Warren Edwards: I can't.
Detective Armstrong: If you leave that to me, you had a social drink to break the ice.
Warren Edwards: But I didn't.
Detective Murphy: When you talked to us the first time, you left something out. Are we going to have to bring you back a third time to hear the whole story, or would you rather clear the air now?
Warren Edwards: I didn't drink with Ambrose.
Detective Armstrong: Are you in any way responsible for the death of Ambrose Garrett?
Warren Edwards: Of course not.
Detective Armstrong: So let me review and see if I understand what you're saying. Your story is, you went back to the community center after the meeting — after everyone else was gone — to talk to Ambrose. When you got there, he was fine, not appearing at all sleepy or intoxicated as other people have told us he was at the end of the meeting. Is that right so far?
Warren Edwards: I never said he wasn't intoxicated, but my experience with Ambrose was that he tended to be more honest when he was so afflicted, and therefore it wasn't a hindrance to me in that situation.
Detective Armstrong: Uh-huh. So even though his intoxication was useful to you, and even though Ambrose was drinking at the HOA meeting, and despite the fact that we found a glass with your fingerprints on it and alcohol inside it, the two of you did not drink together.
Warren Edwards: That is correct.
Detective Armstrong: Instead, you two had a calm, rational conversation about an extremely sensitive and potentially volatile subject, during which you accused this married man of impregnating your daughter even though you had no actual proof of that. And rather than being offended or outraged by your allegation, Ambrose took it as a compliment while assuring you that you were mistaken.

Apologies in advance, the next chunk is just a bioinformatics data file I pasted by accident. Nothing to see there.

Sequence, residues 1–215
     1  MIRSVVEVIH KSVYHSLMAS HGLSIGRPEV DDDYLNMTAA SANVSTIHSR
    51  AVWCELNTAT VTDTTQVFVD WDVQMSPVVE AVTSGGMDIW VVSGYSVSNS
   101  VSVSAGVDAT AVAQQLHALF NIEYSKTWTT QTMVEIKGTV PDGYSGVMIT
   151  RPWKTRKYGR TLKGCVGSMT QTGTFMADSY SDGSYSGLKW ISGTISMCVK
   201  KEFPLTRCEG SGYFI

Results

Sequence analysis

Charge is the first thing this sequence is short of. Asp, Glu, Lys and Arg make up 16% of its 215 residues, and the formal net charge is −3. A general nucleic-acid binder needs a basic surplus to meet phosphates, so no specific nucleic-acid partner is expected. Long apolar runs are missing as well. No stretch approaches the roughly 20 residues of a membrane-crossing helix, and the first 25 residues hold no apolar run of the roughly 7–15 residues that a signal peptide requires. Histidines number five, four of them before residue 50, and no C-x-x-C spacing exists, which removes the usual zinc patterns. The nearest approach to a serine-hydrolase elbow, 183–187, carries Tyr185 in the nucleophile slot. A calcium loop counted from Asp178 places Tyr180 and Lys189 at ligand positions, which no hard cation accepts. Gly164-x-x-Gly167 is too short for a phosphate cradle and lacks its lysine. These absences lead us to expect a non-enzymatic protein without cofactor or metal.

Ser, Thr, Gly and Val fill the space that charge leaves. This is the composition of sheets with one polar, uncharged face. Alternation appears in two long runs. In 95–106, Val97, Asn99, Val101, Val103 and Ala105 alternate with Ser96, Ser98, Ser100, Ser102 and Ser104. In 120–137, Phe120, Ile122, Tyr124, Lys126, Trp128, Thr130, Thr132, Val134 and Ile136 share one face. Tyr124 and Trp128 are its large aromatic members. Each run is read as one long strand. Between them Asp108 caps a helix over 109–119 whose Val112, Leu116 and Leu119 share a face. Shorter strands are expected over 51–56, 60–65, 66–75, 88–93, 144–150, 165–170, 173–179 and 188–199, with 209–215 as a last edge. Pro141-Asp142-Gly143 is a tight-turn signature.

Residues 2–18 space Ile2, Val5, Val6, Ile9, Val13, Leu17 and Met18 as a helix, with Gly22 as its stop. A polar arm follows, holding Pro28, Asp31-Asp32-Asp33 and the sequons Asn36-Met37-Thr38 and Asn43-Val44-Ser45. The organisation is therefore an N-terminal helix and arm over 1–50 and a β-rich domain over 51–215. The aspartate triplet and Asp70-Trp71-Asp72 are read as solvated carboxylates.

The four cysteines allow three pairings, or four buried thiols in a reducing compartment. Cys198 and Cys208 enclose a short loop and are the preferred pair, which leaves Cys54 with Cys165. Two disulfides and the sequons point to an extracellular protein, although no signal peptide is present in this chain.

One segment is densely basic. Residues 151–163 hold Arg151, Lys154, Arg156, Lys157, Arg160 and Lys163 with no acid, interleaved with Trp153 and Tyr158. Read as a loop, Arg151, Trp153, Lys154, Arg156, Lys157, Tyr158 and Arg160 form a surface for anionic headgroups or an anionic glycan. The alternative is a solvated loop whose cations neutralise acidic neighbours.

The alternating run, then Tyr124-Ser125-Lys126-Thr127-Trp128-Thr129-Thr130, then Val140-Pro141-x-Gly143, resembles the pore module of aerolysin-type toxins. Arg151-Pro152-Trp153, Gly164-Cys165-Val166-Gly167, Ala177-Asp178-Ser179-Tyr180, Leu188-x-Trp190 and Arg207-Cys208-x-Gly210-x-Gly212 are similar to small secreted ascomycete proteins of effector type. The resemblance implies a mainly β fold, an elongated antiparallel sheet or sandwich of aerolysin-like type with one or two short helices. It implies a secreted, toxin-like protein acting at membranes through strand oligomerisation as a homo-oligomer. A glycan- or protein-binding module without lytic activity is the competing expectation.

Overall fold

Warren Edwards: Yes, that is correct.
Detective Armstrong: And you just believed his denial without any doubt or reservation, and then the two of you parted on good terms. Ambrose was perfectly all right when you left the community center for the second time, and you didn't do anything before you left that would cause or contribute to his death. Is that what you're telling us?
Warren Edwards: Precisely.
Detective Armstrong: And what reason do we have to believe you?
Warren Edwards: I've told the truth.
Detective Armstrong: Really? You lied to us before. By your own logic, we should assume you're lying now.
Warren Edwards: I did not kill Ambrose. That is simply not the sort of thing I would do.
Detective Armstrong: Yeah, okay. If you say so.
Detective Murphy: Mr. Edwards, it's pretty clear you have a credibility problem with us. You—
Warren Edwards: Are you going to arrest me?
Detective Murphy: Not right now, but—
Warren Edwards: Then I would like to leave. Immediately.
Detective Murphy: Fine. You can go. But you might want to try to come up with some way to convince us you're telling the truth.
Interview ended – 10:17 a.m.